COACHING CAREER: Was a member of Bruce Bochy's NL coaching staff for the MLB All-Star Game @ Chase Field on July 12, 2011...Served as the D-backs bench coach from 2007 until assuming the interim manager title on July 1, 2010…his tenure as bench coach is the longest in team history...Began coaching career as bench coach for the Tigers from 2003-05 under manager Alan Trammell…also worked as a color analyst on FSN Detroit from 1998-2002.

PLAYING CAREER: Played 17 Major League seasons with Detroit (1979-87, '93-95), Los Angeles-NL (1988-90), Kansas City (1991) and Pittsburgh (1992)...Hit .268 (1,553-for-5,798) with 260 doubles, 255 home runs, 870 RBI and 284 stolen bases in 1,635 Major League games...Was a member of two World Championship teams (1984 Tigers and 1988 Dodgers)…named the 1984 ALCS MVP vs. Royals, hitting .417 with one homer and two RBI...Named 1988 NL MVP after batting .290 with 25 home runs, 76 RBI, 106 runs and 31 stolen bases…hit a pinch-hit, game-ending two-run home run off the A's Dennis Eckersley in Game 1 of the World Series...Is the only player in history to win a league MVP award and never appear in an All-Star Game.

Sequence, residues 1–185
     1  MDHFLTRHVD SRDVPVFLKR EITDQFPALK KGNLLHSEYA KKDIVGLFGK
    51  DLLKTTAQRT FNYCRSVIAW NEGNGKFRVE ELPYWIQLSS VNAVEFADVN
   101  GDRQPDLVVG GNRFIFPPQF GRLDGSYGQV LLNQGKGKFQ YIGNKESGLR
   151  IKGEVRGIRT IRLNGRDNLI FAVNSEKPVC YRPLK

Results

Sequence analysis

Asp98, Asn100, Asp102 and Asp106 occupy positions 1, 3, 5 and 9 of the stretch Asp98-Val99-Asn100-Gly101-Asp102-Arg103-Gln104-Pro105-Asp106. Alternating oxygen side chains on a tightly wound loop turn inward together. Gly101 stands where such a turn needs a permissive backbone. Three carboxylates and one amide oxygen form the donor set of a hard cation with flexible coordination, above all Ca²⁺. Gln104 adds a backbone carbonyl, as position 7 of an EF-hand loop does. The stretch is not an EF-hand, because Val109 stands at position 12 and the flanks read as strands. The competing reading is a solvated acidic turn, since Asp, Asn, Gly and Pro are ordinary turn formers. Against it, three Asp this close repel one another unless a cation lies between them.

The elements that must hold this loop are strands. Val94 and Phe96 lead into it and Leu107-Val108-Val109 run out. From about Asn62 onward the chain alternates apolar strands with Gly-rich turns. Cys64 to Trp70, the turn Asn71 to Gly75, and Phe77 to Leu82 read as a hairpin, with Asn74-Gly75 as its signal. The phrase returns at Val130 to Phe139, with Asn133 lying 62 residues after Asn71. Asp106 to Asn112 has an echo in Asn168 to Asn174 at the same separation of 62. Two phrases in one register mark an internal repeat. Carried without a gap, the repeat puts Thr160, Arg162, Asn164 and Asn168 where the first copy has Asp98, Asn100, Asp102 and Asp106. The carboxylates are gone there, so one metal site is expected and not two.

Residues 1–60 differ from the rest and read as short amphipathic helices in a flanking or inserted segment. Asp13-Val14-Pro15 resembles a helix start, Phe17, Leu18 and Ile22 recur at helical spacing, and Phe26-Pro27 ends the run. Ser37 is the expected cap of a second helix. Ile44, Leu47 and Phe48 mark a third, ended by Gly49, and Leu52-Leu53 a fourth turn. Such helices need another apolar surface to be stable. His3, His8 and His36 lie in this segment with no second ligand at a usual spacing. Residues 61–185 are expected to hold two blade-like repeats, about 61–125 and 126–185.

PERSONAL: Kirk Harold Gibson...Married to Joanne with four children, Colleen, Kirk, Kevin and Cameron…Kevin plays collegiate hockey at University of Wisconsin - Stevens Point…Cameron plays baseball at Michigan State University...Became the second Michigan State University baseball player to have his uniform number (No. 30) retired, at the 2012 MSU Baseball First Pitch Dinner on Jan. 29, 2012...Served as the Grand Marshal of the 41st Annual Fiesta Bowl Parade on Dec. 31, 2011, and was also a special guest for the Fiesta Bowl pregame festivities and coin toss on Jan. 2, 2012...Drafted in the first round (12th overall) of the 1978 free agent draft by the Tigers and seventh round of the NFL draft by the St. Louis Cardinals...Chad and Doug Dreier, father and son sports memorabilia collectors from Santa Barbara, Calif., paid $1.19 million in an online auction in November 2010 for five iconic Gibson items, including Gibson's home run bat from Game 1 of the 1988 World Series ($575,912) and his game-worn jersey ($303,277), his batting helmet ($155,388), NL MVP Award ($110,293) and World Series trophy ($45,578)…the final bid for the bat marked the second-highest amount paid for a game-used bat, behind only Babe Ruth's signed bat used to hit the first home run in Yankee Stadium that sold in 2004 for $1.265 million…the amounts paid for the game-worn helmet and player World Series trophy were records...Proceeds from the sale of the World Series trophy and MVP plaque benefitted the Kirk Gibson Foundation to continue his support of Michigan State University athletic programs and to help fund his partial scholarship programs at Clarkston (Mich.) High School and Waterford (Mich.) High School, in honor of his parents, who were educators at those schools.